The Federal Reserve is cooling the economy, but stocks are hot. what to give

Stocks tumbled in June as investors bet inflation has peaked despite the Federal Reserve suggesting its campaign to cool the economy by raising rates isn’t over. It has soared from its lows.

Rising interest rates usually have a negative impact on stock prices because they increase costs for companies. The Federal Reserve recently argued that the central bank needs to raise interest rates further to curb stubbornly high inflation. Still, the S&P 500 is on an uptrend, registering gains over the past three weeks, up more than 12% from its June 16th low.

Investors seem to be choosing to focus on easing recession fears rather than worrying that a booming economy will prompt the Fed to raise rates more aggressively.

Wednesday’s latest consumer price index data will put this line of thinking to the test. A widely watched report is expected to show that overall inflation eased in July, down from a 9.1% pace in June to 8.7% year-on-year, according to a Bloomberg survey of economists. rose.

Investors have gained momentum in recent weeks as companies’ quarterly earnings reports have beaten expectations. U.S. businesses continued to hire new workers at a solid pace last month, according to the latest data on Friday, suggesting the economy is resilient to rising interest rates. . But it could also be seen as a sign that the Fed needs to do more to cool the economy and keep prices down, increasing the risk that higher interest rates will lead the economy into recession.

David Donabedian, CIO of CIBC Private Wealth Management, said: “The ‘peak inflation’ argument is so entrenched in market sentiment that jobs numbers are likely to be interpreted as anti-recession. I think it did,” he said.

Investor expectations about where the Fed’s key rate will end the year are higher than this month, but investors still expect the Fed to not only halt rate hikes next year, but to reduce rate hikes somewhat. This is a change from expectations in June, when investors were more closely aligned with the Fed’s own forecast that rate hikes would continue through 2023.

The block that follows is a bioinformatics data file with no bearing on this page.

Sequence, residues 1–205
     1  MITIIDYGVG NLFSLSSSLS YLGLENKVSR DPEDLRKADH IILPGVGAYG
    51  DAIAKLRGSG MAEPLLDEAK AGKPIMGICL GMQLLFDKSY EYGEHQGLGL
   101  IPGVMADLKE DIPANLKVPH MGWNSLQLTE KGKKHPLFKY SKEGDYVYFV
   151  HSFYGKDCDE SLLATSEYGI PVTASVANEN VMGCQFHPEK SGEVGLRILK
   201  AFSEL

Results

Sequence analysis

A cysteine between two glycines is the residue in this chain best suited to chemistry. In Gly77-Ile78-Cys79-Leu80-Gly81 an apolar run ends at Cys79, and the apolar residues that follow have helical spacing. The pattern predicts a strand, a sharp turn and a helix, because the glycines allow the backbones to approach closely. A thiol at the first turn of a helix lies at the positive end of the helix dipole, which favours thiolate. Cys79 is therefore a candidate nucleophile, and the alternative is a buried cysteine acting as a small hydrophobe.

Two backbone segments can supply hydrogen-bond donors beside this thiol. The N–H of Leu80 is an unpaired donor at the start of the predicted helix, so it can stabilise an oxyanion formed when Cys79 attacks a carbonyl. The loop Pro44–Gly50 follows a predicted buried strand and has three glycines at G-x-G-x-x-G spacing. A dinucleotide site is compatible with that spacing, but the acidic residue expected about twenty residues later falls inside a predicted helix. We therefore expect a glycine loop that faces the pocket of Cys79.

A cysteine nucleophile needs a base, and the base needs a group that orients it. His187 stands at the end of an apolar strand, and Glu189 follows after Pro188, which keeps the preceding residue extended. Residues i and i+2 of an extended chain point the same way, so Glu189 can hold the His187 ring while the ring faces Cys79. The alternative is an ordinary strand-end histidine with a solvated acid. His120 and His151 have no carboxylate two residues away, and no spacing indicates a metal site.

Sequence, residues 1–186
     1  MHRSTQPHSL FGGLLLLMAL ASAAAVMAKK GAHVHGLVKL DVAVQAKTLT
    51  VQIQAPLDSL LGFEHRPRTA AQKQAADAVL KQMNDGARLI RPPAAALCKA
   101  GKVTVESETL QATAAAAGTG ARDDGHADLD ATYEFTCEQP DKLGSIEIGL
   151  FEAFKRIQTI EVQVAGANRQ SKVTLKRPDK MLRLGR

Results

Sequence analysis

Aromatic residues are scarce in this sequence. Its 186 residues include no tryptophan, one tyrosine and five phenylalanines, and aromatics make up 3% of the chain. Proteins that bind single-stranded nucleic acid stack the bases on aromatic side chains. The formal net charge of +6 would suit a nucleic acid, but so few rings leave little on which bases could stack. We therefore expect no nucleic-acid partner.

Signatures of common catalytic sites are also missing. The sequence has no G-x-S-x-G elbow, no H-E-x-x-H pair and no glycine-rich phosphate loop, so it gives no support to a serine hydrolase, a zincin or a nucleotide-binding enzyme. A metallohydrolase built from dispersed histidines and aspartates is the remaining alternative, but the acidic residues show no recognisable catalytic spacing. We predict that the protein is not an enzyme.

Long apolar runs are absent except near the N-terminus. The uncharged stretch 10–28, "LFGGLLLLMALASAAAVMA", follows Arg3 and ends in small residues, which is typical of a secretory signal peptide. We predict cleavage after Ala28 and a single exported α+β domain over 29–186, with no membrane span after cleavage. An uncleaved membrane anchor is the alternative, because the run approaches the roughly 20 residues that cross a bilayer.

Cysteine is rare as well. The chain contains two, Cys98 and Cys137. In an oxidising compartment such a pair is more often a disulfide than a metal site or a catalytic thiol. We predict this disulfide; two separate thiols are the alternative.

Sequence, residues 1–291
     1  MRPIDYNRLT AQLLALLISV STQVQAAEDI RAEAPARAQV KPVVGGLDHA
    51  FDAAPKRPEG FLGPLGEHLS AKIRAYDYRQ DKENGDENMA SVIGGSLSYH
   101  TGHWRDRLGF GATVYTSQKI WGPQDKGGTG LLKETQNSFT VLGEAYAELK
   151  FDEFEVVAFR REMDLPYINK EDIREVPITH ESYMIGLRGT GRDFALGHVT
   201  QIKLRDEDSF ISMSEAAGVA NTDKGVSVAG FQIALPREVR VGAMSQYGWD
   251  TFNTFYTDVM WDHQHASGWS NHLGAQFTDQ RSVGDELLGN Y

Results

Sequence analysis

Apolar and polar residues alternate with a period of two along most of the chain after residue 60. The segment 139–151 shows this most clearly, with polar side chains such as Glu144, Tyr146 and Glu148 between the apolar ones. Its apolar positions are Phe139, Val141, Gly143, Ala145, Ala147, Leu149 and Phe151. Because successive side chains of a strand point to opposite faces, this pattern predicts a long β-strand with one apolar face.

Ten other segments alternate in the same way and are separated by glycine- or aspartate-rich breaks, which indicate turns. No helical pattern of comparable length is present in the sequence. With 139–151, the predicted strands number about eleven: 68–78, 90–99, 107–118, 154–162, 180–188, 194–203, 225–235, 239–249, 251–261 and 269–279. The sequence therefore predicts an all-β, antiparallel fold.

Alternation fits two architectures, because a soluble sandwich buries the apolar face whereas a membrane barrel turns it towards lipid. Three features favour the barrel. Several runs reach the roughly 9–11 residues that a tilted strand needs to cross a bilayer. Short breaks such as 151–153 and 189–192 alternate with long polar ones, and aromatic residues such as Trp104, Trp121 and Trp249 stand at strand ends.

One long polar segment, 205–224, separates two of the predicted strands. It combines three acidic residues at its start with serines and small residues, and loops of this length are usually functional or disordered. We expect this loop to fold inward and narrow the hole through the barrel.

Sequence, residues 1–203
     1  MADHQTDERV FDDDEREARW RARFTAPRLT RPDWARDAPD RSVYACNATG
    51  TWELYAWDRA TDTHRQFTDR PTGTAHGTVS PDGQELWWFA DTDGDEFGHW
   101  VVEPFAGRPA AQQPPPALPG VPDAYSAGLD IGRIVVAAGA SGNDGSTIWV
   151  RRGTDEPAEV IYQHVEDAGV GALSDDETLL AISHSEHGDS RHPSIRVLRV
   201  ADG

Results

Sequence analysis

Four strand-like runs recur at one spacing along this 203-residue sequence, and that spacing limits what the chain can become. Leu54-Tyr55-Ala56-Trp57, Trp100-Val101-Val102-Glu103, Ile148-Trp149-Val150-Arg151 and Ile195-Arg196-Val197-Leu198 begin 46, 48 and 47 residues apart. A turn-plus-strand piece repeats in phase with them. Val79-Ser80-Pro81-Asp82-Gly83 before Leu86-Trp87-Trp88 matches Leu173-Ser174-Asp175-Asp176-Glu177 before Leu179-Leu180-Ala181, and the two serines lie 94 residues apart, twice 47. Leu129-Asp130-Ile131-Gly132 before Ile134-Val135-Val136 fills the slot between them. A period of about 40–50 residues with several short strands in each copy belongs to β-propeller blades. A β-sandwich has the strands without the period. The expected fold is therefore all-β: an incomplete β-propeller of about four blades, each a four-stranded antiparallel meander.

In the optimistic case, the Fed could cut rates next year if inflation is contained without hurting the economy and it turns out that tightening policy is no longer needed. A survey of households released Monday by the Federal Reserve Bank of New York showed that consumer inflation expectations fell sharply, supporting the view that the inflationary spiral has not taken hold.

But Donabedian warned that investors may be overly optimistic even if inflation drops from current levels. If headline inflation falls to his 8.7%, that’s well above his Fed’s policy target of 2%.

With such optimism driving stocks higher, any shock that points to accelerating inflation could send financial markets down sharply. As a result, Alan McKnight, chief investment officer at Regions Bank, said he was “less optimistic” than financial markets indicated.

Other factors may explain the seemingly puzzling market dynamics.

August is typically a quiet month for stocks, with lower trading volumes as traders move away from their desks for the summer holidays, making prices more susceptible to sharp moves.The S&P 500 traded on ticker SPY. Trading volumes in the $375 billion exchange-traded fund tracked fell to its lowest level since November last month.

Movie operators AMC Entertainment have jumped more than 60% this month, while Bed Bath & Beyond has jumped more than 120% this month.

These mixed trading patterns make interpreting trends in financial markets even more difficult, already grappling with rising inflation, rising interest rates and rising recession fears.

“There are many reasons for the abnormal economic environment, right?” said Ben Snyder, market strategist at Goldman Sachs. “So it’s hard to say that something is abnormal or normal, because everything is abnormal these days.”

The S&P 500 has fallen in recent days, but the drop is smaller than last month’s gain, suggesting investors may be bracing for Wednesday’s inflation rate before making their next meaningful move. suggests. The index fell 0.4% on Tuesday.

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